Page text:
Confocal microscopy showed to be potentially effective in improving accuracy in the diagnosis of mycosis fungoides with the potential to save multiple or sequential skin biopsies. We believe that further and larger studies will clarify it and defining a diagnostic algorithm for the RCM diagnosis of MF.
dermo epidermal junction
Reflectance Confocal Microscopy
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Agero ALC, Gill M, Ardigo M, Myskowski P, Halpern AC, González S. In vivo reflectance confocal microscopy of mycosis fungoides: a preliminary study. J Am Acad Dermatol. 2007 Sep;57(3):435–41.
Lange-Asschenfeldt S, Babilli J, Beyer M, Ríus-Diaz F, González S, Stockfleth E, et al. Consistency and distribution of reflectance confocal microscopy features for diagnosis of cutaneous T cell lymphoma. J Biomed Opt. 2012 Jan;17(1):16001.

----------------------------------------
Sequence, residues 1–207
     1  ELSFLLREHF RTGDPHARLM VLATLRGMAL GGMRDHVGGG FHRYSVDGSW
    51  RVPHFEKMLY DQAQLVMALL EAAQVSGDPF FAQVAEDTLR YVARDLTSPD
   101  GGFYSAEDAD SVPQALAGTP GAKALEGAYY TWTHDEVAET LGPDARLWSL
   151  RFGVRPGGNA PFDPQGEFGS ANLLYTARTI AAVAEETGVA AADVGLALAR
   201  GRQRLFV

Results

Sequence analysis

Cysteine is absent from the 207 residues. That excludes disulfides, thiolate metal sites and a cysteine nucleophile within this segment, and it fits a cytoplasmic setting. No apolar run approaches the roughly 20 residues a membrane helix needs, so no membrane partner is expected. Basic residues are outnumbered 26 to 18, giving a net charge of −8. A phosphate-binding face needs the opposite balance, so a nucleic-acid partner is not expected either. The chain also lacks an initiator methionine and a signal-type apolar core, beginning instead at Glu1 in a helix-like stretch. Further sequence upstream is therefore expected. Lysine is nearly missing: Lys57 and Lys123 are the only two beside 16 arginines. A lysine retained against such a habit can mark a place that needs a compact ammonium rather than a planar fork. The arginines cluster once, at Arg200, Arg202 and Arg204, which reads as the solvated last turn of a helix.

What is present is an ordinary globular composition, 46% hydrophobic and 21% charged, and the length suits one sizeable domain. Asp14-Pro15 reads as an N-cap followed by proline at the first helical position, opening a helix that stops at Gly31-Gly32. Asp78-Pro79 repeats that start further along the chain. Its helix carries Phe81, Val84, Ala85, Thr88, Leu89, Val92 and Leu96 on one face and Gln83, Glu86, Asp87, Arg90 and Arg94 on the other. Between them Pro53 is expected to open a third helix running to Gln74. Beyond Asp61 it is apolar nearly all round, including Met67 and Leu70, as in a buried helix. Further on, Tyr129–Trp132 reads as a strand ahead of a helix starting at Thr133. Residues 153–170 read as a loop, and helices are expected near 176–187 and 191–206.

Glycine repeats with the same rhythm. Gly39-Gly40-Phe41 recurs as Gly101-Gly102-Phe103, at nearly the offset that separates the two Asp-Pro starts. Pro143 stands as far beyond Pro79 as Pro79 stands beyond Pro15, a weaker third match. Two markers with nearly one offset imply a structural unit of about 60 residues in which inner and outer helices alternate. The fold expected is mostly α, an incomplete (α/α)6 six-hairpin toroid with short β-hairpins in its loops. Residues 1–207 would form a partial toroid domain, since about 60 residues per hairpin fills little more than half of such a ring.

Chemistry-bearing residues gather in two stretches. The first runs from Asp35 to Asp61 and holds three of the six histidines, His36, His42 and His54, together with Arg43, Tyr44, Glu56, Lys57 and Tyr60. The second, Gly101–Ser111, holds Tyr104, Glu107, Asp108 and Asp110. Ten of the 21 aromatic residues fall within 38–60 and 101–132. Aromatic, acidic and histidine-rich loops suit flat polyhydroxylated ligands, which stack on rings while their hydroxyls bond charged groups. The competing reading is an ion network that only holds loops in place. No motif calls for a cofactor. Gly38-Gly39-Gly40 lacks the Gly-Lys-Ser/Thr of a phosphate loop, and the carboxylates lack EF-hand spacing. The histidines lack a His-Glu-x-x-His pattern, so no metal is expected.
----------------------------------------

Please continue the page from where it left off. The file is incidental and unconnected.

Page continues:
Li W, Dai H, Li Z, Xu A-E. Reflectance confocal microscopy for the characterization of mycosis fungoides and correlation with histology: a pilot study. Skin Res Technol. 2013 Aug;19(3):352–5.
Koller S, Gerger A, Ahlgrimm-Siess V, Weger W, Smolle J, Hofmann-Wellenhof R. In vivo reflectance confocal microscopy of erythematosquamous skin diseases. Exp Dermatol. 2009 Jun;18(6):536–40.
Mancebo SE, Cordova M, Myskowski PL, Flores ES, Busam K, Jawed SI, et al. Reflectance confocal microscopy features of mycosis fungoides and Sézary syndrome: correlation with histopathologic and T-cell receptor rearrangement studies. J Cutan Pathol. 2016 Jun;43(6):505–15.